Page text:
Nearly 80 percent of U.S. companies don’t have sufficient plans and solutions in place to address network outages or system failures that could interrupt the flow of mission-critical business information.

While many enterprises, about 78 percent, reportedly have data backup systems, very few have a plan to access that data if and when a disaster occurs. And, on top of that, 90 percent of companies that are backing up are using tape—a backup technology that has proved inadequate for the rapid-fire, real-time business data scenario.

A wake-up call
The startling statistics were reported in a June survey conducted by SunGard Availability Systems. The survey, which polled 200 U.S. businesses with $5 million or more in annual revenue in a broad range of industries, was conducted by New York research firm David Michaelson & Company, LLC, from April 16 to May 2, 2002. SunGard Availability Services is a division of SunGard, an IT solutions provider for financial institutions as well as information availability systems and services. An information availability self-assessment tool is available on the SunGard Web site.

While past surveys and reports indicate that company executives are aware of the risks of not having disaster planning in place, few companies surveyed have done the required planning, preparation, and testing of backup systems to keep business data available, said SunGard CEO Jim Simmons. “Inaction seems to be the norm, more of the norm than I thought or hoped it would be.”

The inaction, added Simmons, means that companies are exposed to unacceptably high levels of downtime in the event of a 9/11-type or natural disaster. On average, companies surveyed said that it would take 50 hours to replace a failed processor, and four days to set up alternative work space.

In e-commerce environments, and enterprises whose customers require up-to-the-minute information, a matter of hours can be too slow—and potentially costly in terms of lost corporate revenue and corporate reputation damage.

Some have plans, but plans aren’t enough
There is some good news, noted Simmons. The few companies with business continuity plans are less likely to experience any kind of downtime in information availability. And as companies do the diligence required to create a plan, they tend to uncover areas of risk and address many of them during the planning process, he added.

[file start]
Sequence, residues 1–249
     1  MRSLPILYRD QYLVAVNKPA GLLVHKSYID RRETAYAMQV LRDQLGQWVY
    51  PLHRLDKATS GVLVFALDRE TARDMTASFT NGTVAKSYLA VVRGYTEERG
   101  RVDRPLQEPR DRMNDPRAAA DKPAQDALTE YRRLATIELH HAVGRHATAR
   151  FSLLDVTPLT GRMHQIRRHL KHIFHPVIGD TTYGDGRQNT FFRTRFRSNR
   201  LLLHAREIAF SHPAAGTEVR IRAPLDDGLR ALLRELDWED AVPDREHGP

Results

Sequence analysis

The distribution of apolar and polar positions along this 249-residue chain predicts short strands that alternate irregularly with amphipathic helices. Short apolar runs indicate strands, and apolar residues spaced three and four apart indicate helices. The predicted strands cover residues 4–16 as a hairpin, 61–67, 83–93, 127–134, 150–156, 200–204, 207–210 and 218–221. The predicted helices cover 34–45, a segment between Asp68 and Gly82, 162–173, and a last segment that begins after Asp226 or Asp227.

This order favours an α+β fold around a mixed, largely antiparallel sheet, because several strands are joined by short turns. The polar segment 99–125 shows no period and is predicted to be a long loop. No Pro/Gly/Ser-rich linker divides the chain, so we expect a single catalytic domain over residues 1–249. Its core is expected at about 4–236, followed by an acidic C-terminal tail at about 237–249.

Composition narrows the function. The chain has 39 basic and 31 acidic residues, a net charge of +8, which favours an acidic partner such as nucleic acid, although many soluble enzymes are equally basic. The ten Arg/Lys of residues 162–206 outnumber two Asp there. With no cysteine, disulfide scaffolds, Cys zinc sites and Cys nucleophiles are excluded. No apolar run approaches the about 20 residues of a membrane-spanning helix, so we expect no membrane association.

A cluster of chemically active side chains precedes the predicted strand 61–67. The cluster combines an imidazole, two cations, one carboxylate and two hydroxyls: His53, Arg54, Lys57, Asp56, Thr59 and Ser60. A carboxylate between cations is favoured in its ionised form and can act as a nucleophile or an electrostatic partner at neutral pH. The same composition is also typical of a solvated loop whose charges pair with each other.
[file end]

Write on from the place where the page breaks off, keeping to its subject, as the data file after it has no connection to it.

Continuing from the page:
According to the survey, small companies are in worse shape when it comes to disaster preparedness. Thirty-nine percent of small companies—with revenue of $20 million or less—are less likely to have written plans in place. By contrast, 60 percent of those with revenues of $20 million to $99 million, and three out of four (74 percent) with revenues of $100 million, have worked to ensure data protection.

Yet, just having a plan isn’t enough if it hasn’t been tested, and only a few of the surveyed enterprises have done the required testing.

Of those polled, only half of those with a plan had tested it in the past six months. Twenty percent of those with a plan have never conducted testing.

Best practices should be included
The SunGard report indicates that only a handful of companies with plans in place have followed best practices, which should include:

  • Storing applications and data offsite.
  • Having duplicate processors available offsite.
  • Updating the business availability plans regularly.
  • Testing the plan regularly.
  • Planning for staff evacuation.
  • Availability of an alternate network.
  • Planning for a command center.
  • Outsourcing some of the plan to a third party.
  • Having offsite facilities available for displaced workers.

The SunGard survey states that only six in 10 (61 percent) currently have mirroring in place, and even fewer (50 percent) have the required backup processors that could be needed in the event of a system outage. Just one in three have managed Web hosting (37 percent) or hot storage (33 percent), and only 19 percent have provisions for getting displaced workers into alternative facilities.

Uninterrupted access to mission-critical applications, such as e-mail for corporate leaders and board members, is only featured in 68 percent of company plans.

“What’s shockingly clear from this study,” said Simmons, “is that the planning companies do to protect their businesses is almost solely focused on protecting data in the event of disasters, rather than on implementing solutions designed to keep their businesses functioning….If there’s one thing to be learned from the events of the past year, it’s that companies should be asking, ‘What processes do I need to keep my business running?’ rather than ‘How do I protect my information?’”